Principal Investigator:
Ana Paula Mucha

ECOBIOTEC aims to contribute to the advance of marine and environmental science from a multidisciplinary point of view. We couple fundamental ecology and ecosystems function research with bioprospecting and biotechnology tools for ecosystems recovery. Our group encompasses a broad range of studies from fish assemblages to microbial communities and associated biogeochemical cycles. Studies on fundamental microbial ecology and biogeochemistry of key elements in highly diverse environments (from estuarine to Polar ecosystems), and research on biological degradation/transformation of contaminants generate essential knowledge to develop biotechnological tools for innovative bioremediation approaches. We are also interested in the diverse services and societal benefits that marine and estuarine ecosystems provide, namely in unravelling the potential of oceans as a natural resource of microorganisms capable of providing bioactive molecules with multiple benefits to the society and in exploring native microorganisms or plant-microorganisms associations for environmental cleaning/recovery through nature-based solutions. ECOBIOTEC integrates the CIIMAR research line on Marine Biotechnology, although it gives also an important contribution to the line on Global Changes and Ecosystems Services.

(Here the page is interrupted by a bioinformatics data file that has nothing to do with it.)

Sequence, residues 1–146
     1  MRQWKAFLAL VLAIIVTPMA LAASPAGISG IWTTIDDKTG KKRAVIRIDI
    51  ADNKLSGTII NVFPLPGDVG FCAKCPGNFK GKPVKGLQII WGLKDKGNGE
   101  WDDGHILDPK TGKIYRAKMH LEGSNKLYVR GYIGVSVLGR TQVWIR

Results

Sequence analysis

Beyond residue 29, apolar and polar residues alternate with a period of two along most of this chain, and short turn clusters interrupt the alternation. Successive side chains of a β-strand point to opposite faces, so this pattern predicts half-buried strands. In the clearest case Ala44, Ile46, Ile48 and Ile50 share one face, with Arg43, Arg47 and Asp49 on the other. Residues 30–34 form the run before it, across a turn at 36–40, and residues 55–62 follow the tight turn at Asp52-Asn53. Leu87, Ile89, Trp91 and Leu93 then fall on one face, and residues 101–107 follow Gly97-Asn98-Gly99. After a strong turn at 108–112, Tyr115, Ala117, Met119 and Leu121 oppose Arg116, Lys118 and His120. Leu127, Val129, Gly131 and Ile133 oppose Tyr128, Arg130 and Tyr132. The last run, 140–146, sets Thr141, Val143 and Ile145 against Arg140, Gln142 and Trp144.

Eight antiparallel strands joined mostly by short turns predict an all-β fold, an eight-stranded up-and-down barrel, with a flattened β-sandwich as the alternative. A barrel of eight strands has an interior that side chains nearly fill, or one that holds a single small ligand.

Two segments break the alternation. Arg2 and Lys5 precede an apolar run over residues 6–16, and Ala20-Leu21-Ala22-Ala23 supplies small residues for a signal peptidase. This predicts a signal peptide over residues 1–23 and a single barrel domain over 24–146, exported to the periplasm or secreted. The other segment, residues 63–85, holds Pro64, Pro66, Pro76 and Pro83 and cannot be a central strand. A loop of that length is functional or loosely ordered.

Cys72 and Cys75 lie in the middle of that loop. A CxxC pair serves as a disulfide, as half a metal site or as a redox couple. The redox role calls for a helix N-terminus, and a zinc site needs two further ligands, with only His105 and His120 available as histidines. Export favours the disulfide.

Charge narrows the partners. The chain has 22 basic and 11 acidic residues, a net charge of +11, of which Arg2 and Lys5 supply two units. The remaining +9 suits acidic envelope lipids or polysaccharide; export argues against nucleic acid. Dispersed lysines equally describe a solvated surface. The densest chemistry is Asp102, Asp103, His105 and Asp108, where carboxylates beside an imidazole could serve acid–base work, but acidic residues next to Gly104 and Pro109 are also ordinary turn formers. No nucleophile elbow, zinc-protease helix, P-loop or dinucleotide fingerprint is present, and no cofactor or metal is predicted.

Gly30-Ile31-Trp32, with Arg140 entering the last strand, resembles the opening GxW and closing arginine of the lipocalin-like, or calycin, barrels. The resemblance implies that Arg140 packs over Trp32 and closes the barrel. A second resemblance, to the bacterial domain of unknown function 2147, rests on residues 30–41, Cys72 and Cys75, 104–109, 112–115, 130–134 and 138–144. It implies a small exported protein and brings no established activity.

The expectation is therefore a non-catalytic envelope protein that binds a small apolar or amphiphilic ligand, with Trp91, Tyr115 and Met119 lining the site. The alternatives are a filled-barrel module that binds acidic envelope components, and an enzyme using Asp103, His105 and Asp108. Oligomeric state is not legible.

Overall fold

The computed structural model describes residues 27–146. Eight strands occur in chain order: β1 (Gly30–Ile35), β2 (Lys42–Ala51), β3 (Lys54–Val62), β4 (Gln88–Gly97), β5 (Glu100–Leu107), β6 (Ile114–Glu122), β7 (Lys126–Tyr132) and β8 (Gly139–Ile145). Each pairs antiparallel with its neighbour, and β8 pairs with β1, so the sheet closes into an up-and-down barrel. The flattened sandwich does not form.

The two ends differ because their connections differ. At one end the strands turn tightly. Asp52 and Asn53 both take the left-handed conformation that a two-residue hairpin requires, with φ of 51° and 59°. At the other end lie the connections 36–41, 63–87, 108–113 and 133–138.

Publications Highlights

Alexandrino D.A.M., Mucha A.P., Almeida C.M.R, Gao W., Jia Z., Carvalho M.F. (2017). Biodegradation of the veterinary antibiotics enrofloxacin and ceftiofur and associated microbial community dynamics. Science of the Total Environment: 581/2: 359-368.

Almeida C.M.R., Ferreira A.C.F., Santos F., Lourinha I., Basto M.C.B., Mucha A.P. (2017). Can veterinary antibiotics affect constructed wetlands performance during treatment of livestock wastewater? Ecological Engineering 102: 583-588.

Lillebø A.I., Pita C., Garcia Rodrigues, J., Ramos, S., Villasante, S. (2017). How can marine ecosystem services support the Blue Growth agenda? Marine Policy, 81: 132-142.

Magalhães C., Machado A., Frank-Fahle B., Lee C.K., Cary C.S. (2014). The ecological dichotomy of ammonia oxidizing archaea and bacteria in the hyper-arid soils of the Antarctic Dry Valleys. Frontiers in Microbiology. 

Fernandes J.P., Almeida C.M.R., Andreotti F., Barros L., Almeida T., Mucha A.P. (2017). Response of microbial communities colonizing salt marsh plants rhizosphere to copper oxide nanoparticles contamination and its implications for phytoremediation processes. Science of the Total Environment, 581/2: 801-810.